Once chambers 56 have expanded and filled with a desired volume of liquid, e.g., 12 ml per pump, a limit switch activates a four-way valve (both not shown) to reverse pump direction in the direction of arrow A. The upward movement of pneumatic drive 58 pulls bar 60, plate 22, and magnets 20 upward. Magnets 20 push shelves 69 of rods 36 upward, which pushes pistons 30 upward, forcing liquid in chambers 56 towards liquid destination 14, as described above.
As pistons 30 move upward and push liquid out of chambers 56, pistons 30 will encounter a resistive force due to pressure exerted upon piston heads 38 by the liquid. The resistive force will be downward, in the direction of arrow B. The resistive force exerted upon pistons 30 causes shelves 69 of rods 36 to exert a downward force on upon magnets 20.
If the downward resistive force on a particular magnet 20 is greater than 30 pounds, the net force on the magnet 20 in the direction of arrow B (the downward resistive force plus the force of gravity) will be greater than the net force on the magnet 20 in the direction of arrow A (the attractive force between magnet 20 and plate 22), and the magnet 20 will decouple from plate 22. In FIG. 1, a magnet 20a associated with a rod 36a and a pump 16a is shown decoupled from plate 22.
Excessive resistive force and subsequent decoupling of magnet 20a from plate 22 can be caused by, e.g., a clog or blockage in tube 50, channel 44, check valve module 46, or fluid destination 14.
Once magnet 20a decouples from plate 22, piston 30 stops moving upward and stops forcing liquid out of chamber 56. Because piston head 38 forms a tight seal with wall 40 of pump cylinder 32, piston 30 does not fall in the direction of arrow B after magnet 20a decouples. Rod 36a and magnet 20a, therefore, remain in the location at which they decoupled.
After the still coupled pumps 16 complete delivery of the desired volumes of liquid to destinations 14, assembly 10 typically automatically continues to pump further sets of desired volumes of liquid. When pneumatic pump 58 again moves in the downward direction, plate 22 will recouple with magnet 20a when plate 22 returns to the point at which magnet 20a decoupled. If the clog or failure which caused magnet 20a to decouple has been remedied, then magnet 20a will remain coupled, and pump 16a will operate normally.
Referring to FIG. 7, preferably pump drive assembly 10 is used to supply mobile phase liquid 100 to a plurality of chromatography columns 102 connected in parallel. The outlets 104 of the chromatography columns 102 are connected to a fraction collector 106 to collect sequential samples 108 from each column 102. (See, e.g., U.S. patent application Ser. No. 09/264,846, entitled "Cartridge Sealing Apparatus and Method," filed the same date as this application, and incorporated herein by reference; that application describes sealably connecting a plurality of chromatography columns.) If there is a clog in one column or associated flow line, the associated pump will decouple, while fluid continues to be safely supplied at the appropriate pressure and desired volume to the remaining columns. The arrangement thus avoids leaks and potential damage that might occur in the absence of the decoupler. In addition, by having parallel flow with individual pistons, the possible problem of directing too much flow to any one chromatography column is avoided.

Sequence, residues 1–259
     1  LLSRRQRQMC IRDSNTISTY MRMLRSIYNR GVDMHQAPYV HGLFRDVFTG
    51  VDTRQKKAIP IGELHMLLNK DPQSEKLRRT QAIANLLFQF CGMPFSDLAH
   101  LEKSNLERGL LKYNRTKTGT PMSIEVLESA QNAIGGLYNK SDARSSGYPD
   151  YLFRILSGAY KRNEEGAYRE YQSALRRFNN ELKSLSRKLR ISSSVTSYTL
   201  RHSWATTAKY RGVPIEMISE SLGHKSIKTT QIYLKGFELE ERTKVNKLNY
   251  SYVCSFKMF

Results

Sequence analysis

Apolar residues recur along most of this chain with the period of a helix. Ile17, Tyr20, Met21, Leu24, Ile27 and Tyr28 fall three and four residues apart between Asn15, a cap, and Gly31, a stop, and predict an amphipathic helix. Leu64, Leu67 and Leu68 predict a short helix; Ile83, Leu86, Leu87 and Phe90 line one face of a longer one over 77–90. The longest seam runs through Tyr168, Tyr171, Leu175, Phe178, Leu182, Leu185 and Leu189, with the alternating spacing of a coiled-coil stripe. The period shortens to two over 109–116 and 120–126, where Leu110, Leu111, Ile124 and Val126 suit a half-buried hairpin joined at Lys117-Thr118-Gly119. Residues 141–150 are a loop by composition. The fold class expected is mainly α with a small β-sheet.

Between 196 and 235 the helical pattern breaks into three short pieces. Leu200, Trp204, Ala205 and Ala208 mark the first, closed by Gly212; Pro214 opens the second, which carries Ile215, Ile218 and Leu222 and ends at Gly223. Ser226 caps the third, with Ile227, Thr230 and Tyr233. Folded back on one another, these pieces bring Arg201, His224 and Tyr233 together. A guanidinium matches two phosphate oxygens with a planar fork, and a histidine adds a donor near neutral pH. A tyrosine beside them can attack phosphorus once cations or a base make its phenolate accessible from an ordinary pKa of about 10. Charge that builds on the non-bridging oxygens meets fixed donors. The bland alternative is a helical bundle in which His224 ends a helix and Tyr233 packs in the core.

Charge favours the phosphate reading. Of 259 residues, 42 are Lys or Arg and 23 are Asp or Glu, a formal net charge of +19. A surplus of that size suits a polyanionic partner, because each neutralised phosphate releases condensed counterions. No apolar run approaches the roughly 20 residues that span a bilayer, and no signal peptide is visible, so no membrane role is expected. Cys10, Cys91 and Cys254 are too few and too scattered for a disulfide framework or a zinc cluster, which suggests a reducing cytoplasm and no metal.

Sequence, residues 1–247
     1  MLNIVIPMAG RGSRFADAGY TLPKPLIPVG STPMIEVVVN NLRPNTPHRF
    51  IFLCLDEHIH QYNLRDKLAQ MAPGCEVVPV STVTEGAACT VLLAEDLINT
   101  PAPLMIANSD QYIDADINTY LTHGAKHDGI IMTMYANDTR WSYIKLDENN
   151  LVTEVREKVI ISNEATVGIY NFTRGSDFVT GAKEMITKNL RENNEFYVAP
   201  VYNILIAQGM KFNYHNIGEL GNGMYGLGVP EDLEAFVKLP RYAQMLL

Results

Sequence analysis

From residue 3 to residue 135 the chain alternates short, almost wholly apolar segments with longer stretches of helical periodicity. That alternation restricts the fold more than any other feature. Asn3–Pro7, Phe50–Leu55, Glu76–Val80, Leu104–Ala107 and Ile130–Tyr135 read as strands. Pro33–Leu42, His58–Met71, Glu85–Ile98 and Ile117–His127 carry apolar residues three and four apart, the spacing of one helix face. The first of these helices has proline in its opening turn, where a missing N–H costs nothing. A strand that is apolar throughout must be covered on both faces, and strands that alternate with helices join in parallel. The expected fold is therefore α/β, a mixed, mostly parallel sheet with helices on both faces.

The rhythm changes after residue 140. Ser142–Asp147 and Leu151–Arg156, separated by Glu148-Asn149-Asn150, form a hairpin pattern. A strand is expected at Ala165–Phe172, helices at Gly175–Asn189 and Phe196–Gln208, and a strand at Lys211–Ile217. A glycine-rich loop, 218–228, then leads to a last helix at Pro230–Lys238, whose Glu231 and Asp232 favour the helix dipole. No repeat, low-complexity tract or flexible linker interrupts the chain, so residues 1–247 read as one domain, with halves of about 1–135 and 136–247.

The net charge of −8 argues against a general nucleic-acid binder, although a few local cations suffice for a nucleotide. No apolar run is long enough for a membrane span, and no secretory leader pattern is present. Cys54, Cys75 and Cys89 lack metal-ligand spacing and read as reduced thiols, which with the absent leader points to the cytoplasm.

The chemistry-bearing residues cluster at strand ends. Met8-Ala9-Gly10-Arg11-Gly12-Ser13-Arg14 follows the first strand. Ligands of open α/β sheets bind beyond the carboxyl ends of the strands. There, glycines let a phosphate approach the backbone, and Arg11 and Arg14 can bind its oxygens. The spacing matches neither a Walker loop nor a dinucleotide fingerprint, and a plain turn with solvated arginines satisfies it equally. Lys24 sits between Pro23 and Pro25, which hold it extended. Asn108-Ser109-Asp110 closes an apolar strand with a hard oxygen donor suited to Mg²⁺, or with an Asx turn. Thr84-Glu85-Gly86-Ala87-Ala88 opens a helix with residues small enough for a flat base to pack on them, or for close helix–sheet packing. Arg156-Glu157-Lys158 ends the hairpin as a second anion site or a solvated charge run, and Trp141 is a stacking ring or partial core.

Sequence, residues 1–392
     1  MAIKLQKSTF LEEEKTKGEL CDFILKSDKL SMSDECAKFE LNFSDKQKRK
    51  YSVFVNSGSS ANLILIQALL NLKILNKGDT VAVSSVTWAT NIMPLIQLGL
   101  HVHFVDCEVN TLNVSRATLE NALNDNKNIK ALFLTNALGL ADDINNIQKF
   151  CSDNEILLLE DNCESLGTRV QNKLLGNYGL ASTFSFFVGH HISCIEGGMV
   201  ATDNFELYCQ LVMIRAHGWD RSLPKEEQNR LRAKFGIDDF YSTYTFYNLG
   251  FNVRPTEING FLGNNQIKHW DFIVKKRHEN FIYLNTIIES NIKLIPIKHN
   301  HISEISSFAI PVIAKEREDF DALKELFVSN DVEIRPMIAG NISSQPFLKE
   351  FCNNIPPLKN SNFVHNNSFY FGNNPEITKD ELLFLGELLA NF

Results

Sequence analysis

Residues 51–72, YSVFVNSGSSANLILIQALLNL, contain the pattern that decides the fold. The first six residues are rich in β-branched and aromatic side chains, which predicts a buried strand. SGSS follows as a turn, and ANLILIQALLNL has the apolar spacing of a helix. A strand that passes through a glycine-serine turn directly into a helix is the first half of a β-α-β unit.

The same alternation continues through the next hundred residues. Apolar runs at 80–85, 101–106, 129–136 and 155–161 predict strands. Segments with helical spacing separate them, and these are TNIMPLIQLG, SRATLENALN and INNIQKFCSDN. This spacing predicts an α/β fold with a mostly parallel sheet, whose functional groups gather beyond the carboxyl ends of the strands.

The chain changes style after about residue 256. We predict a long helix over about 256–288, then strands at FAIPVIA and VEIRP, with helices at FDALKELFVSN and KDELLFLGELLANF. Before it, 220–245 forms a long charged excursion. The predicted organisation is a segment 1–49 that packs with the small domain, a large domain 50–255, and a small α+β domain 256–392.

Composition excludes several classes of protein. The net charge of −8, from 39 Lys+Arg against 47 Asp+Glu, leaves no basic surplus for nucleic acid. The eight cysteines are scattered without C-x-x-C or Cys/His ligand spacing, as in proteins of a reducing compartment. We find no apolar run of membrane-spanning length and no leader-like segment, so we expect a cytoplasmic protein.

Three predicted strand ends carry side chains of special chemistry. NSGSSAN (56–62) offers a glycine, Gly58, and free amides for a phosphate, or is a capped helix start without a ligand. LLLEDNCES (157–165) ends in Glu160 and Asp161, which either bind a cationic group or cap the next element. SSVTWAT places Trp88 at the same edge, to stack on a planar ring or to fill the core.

Other embodiments are within the scope of the claims. For example, the user can vary the attractive force between magnets 20 and plate 22 by varying the magnets, varying the material of the plate, or using a nonmagnetically attracted spacer between magnet 20 and plate 22. Magnets having an attractive force to iron of, e.g., 10-100 pounds (most preferably 30-70 pounds) can be used. For a given operation of apparatus 10, a user generally employs the same decoupling force for each channel, though it is possible to employ, e.g., 30 pound magnets for some pumps, 40 pound magnets for others, and 70 pound magnets for yet others. The plate material can be any magnetizable material, such as iron, some stainless steels (e.g., 17-4 or 440c), another metal or mixture of metals, or a ceramic mixed with a magnetizable material, such as a metal. The magnets can also be electromagnets rather than permanent magnets.
Magnets 20 can be coupled to rods 36 using structure other than a retaining ring. For example, referring to FIG. 5A, a magnet 120 has an opening 166. Attached to a piston rod 136, near a base 168 of rod 136, is a pin 174. Pin 174 is sized and shaped to be insertable within opening 166. Pin 174 has a height H, approximately equal to a height H2 of opening 166, so that pin 174 fits snugly within opening 166. Pin 174 holds piston rod 136 to magnet 120. In operation, pin 174 will transmit the resistive force experienced by a piston head (not shown) to magnet 120, rather than the rod shelf 69 in the embodiment discussed above.